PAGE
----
David Gold (no middle name) was born in Centerville, Iowa, a small, mid-western, coal town with a surprisingly vibrant little Jewish community. He was raised in a kosher household by two Russian/Polish Jewish immigrants fleeing the pogroms sweeping Eastern Europe. His father ran a general store and his mother ran the house.
David was a bit of a child prodigy with his mother convincing the 1st grade teacher that although he was only four years old he could read fluently and was ready for school. He entered school early and proceeded to skip two grades becoming the first person in his high school to receive a scholarship to Harvard. He didn’t go as his father thought it was too expensive and too far away but that is another story. A Bachelor’s degree in mathematics from the University of Iowa had to suffice.
David enlisted during WWII as a first lieutenant in the newly formed US Air Corps where he commanded a small communications base in what was then known as Burma and flew 53 missions over “the hump” (the Himalayas) into China supporting Chiang Kai-Shek. At one point with his base surrounded by Japanese soldiers and fearing death he decided if he made it home alive he would “try to change this crazy world” and what else does someone do when they want to change the world but become a Sociology professor. Students at the University of Iowa, the University of California Berkeley and finally the University of California Santa Barbara all were subjected to what his three surviving sons fondly called the kitchen table lectures for almost 30 years. Statistics, Public Opinion, and the Media were his subjects of choice.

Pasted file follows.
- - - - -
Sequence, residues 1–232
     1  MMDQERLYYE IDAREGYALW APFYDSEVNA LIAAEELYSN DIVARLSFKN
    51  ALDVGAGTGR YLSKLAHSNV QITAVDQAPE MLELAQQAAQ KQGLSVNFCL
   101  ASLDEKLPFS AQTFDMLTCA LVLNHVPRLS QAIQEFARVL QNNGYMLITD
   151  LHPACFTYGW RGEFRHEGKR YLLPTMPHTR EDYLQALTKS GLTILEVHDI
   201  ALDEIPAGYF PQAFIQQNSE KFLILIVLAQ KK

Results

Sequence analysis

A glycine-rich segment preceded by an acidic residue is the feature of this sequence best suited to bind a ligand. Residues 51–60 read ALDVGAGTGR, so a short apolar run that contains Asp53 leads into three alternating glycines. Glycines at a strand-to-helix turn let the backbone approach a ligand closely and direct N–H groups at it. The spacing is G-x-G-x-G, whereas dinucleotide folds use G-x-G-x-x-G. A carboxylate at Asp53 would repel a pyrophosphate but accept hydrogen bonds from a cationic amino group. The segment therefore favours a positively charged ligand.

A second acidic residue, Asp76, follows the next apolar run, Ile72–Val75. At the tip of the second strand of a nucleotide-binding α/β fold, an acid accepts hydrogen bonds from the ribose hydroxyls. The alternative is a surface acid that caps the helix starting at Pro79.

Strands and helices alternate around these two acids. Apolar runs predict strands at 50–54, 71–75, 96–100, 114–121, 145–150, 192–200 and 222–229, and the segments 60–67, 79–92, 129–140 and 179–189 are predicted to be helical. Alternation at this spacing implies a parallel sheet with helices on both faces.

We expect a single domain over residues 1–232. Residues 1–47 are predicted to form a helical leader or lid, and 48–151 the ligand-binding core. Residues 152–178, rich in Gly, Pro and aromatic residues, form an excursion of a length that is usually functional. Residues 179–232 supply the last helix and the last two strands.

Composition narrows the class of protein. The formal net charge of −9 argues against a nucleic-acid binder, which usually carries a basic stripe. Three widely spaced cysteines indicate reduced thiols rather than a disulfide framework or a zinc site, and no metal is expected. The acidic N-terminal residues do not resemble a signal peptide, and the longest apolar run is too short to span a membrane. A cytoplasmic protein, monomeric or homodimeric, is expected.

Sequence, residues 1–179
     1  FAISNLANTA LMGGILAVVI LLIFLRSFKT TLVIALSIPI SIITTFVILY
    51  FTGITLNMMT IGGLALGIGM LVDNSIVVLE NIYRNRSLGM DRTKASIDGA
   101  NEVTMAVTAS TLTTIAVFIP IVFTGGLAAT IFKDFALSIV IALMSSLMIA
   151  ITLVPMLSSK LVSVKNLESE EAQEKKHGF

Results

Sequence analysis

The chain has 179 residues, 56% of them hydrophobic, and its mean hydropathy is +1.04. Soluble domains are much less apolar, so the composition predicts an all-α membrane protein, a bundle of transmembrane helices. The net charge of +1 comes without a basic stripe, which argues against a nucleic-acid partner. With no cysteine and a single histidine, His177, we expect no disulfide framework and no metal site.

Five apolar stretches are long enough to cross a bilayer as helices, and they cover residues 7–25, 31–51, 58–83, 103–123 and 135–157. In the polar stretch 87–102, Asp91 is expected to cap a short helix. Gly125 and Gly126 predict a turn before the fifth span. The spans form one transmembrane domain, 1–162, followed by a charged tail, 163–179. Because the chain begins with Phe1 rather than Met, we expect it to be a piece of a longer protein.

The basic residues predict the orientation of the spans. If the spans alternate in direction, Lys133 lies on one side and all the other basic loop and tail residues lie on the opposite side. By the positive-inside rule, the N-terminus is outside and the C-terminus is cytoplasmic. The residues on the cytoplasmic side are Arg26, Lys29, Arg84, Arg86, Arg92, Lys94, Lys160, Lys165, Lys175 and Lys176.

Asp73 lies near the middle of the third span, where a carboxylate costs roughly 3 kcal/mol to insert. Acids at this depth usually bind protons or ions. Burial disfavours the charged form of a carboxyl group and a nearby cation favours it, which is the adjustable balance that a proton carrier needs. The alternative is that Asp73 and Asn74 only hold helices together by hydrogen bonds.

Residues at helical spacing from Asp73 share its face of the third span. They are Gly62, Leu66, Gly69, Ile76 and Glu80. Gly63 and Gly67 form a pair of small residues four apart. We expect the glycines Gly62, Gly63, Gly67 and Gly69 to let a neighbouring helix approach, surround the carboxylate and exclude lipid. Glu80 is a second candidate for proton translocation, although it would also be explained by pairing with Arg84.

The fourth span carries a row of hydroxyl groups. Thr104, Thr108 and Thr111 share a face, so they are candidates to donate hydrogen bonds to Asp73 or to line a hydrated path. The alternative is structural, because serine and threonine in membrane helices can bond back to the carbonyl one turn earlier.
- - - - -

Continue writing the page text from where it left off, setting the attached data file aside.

David is survived by his three sons; Jeremy, James and Jeth; their wife’s Calla, Robin, and Susan; and three grandsons; Daniel, Alex, and Brennan. He lost his first wife (Judith) to an accident and is survived by his second wife JanClaire Elliott and her three sons; Ron, Markus and Gregory Hamm.
David Gold died at the age of 92 living in his house, sitting in his chair, doing the cross words, yelling at Trump as Rachel Maddow unraveled his newest executive orders. No pain, no hospital, not a lot of regrets, doing what he wanted. We celebrate our father for teaching us about community and how to “try to save this crazy world”.